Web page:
Search Images Maps Play YouTube News Gmail Drive More »
Sign in
Screen reader users: click this link for accessible mode. Accessible mode has the same essential features but works better with your reader.

Patents

  1. Advanced Patent Search
Publication numberUS5507162 A
Publication typeGrant
Application numberUS 08/184,024
Publication dateApr 16, 1996
Filing dateJan 24, 1994
Priority dateOct 11, 1990
Fee statusPaid
Also published asCA2183249A1, CN1144548A, DE69535281D1, EP0746662A1, EP0746662A4, EP0746662B1, WO1995020088A1
Publication number08184024, 184024, US 5507162 A, US 5507162A, US-A-5507162, US5507162 A, US5507162A
InventorsKn S. Chhatwal
Original AssigneeIntellikey Corp.
Export CitationBiBTeX, EndNote, RefMan
External Links: USPTO, USPTO Assignment, Espacenet
Eurocylinder-type assembly for electronic lock and key system
US 5507162 A
Abstract
A `Eurocylinder` configuration for an electronic lock and key system has a plug fitted into a main body housing which is readily mounted into a mortise of standardized dimensions. The plug has a keyway at one end and a deadbolt-engaging cam at the other end. To operate the lock, an electronic key is inserted into the keyway and, when given permission as a result of an opto-electronic communication exchange between a control processor in the key and a control processor in the lock, the key is rotated so as to operate a deadbolt. A spring biased translatable contact serves as a conductive interface between a flex circuit and a contact on the keyblade. The body also includes a solenoid device which is energized by way of the flex circuit. The solenoid device operates a plunger away from the plug to allow rotation of the plug by the key. The body and plug also include a segmented pin arrangement such that when the key and the plug are rotated from a key insertion position, the key cannot be removed. A front end portion of the elongated portion of the housing contains an opto-electronic communication unit which communicates with a complementary opto-electronic communication unit in the key handle.
Images(11)
Previous page
Next page
Claims(32)
What is claimed:
1. An assembly for an electronic lock and key system, said key having a handle portion housing an electronic circuit, and a conductive blade portion extending from said handle portion and including a conductive terminal portion mounted upon and insulated from said conductive blade portion, said conductive blade portion and said conductive terminal portion being electrically connected to said electronic circuit, said assembly comprising:
a generally cylindrical body having a keyway therein, said keyway being sized to receive the conductive blade portion of said key, said generally cylindrical body further having a slot extending through a wall portion of said cylindrical body, said slot having a first axis generally transverse to and intersecting said keyway;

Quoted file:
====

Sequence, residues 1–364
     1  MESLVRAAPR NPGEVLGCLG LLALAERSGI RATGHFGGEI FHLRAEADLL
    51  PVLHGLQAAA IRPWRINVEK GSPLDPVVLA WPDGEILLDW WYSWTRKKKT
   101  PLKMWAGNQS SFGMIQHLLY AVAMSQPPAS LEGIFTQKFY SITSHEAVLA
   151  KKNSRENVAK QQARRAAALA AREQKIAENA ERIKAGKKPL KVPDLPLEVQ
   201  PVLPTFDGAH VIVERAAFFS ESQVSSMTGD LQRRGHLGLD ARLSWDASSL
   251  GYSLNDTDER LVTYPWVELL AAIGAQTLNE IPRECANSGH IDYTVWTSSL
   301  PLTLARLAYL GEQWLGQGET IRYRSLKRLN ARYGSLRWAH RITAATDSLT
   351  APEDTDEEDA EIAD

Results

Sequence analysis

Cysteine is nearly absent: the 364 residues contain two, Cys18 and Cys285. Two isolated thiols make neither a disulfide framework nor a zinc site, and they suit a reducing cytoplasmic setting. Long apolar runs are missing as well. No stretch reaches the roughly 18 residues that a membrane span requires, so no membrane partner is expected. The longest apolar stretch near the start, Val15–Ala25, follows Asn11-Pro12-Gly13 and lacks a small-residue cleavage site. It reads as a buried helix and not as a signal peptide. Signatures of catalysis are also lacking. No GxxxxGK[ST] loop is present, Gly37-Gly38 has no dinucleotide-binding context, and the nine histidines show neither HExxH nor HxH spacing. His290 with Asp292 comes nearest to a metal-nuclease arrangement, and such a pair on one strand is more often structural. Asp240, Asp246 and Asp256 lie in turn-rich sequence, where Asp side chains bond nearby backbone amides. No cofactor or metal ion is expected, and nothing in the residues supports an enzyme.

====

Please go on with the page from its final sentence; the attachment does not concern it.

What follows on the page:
an electrically insulating contact insert disposed within said slot;
a translatable electrically conductive contact disposed within said electrically insulating contact insert so as to be translatable along said first axis and engageable by said conductive terminal portion of said key, when said key is inserted into said keyway;
an electrically conductive fixed contact element supported adjacent to said slot and positioned to be conductively engageable with said conductive terminal portion of said key by means of said translatable electrically conductive contact, when said translatable electrically conductive contact is engaged by said conductive terminal portion of said key, when said key is inserted into said keyway;
a flexible insulated conductor link conductively coupled to said electrically conductive fixed contact element; and
a solenoid device having a movable plunger that is translatable along a second axis that intersects said generally cylindrical body, and wherein said generally cylindrical body has a first bore that is alignable with said second axis, and is sized to receive said movable plunger, such that said movable plunger, when inserted into said first bore, prevents rotation of said cylindrical body until said movable plunger is translated out of said first bore by the operation of said solenoid device.
2. An assembly according to claim 1, wherein said translatable electrically conductive contact is biased within said contact insert so as to be urged along said first axis toward said keyway, such that said translatable electrically conductive contact is engaged by said conductive terminal portion of said key when said conductive blade portion of said key is inserted into said keyway.
3. An assembly according to claim 2, wherein said electrically insulating contact insert is configured to limit translation of said electrically conductive contact along said first axis as said translatable electrically conductive contact is biased to a position adjacent to said keyway, such that said conductive blade portion of said key passes by said translatable electrically conductive contact when said key is inserted into said keyway.
4. An assembly according to claim 1, further including a housing having a generally cylindrical cavity in which said generally cylindrical body is inserted, said generally cylindrical cavity containing an electrically insulating fixed contact element holder that includes a recess disposed in an interior surface portion thereof, said recess facing said slot, said recess supporting said electrically conductive fixed contact element adjacent to said slot such that said electrically conductive fixed contact element is conductively engaged by said translatable electrically conductive contact when said translatable electrically conductive contact is translated along said first axis by being engaged by said conductive terminal portion of said key.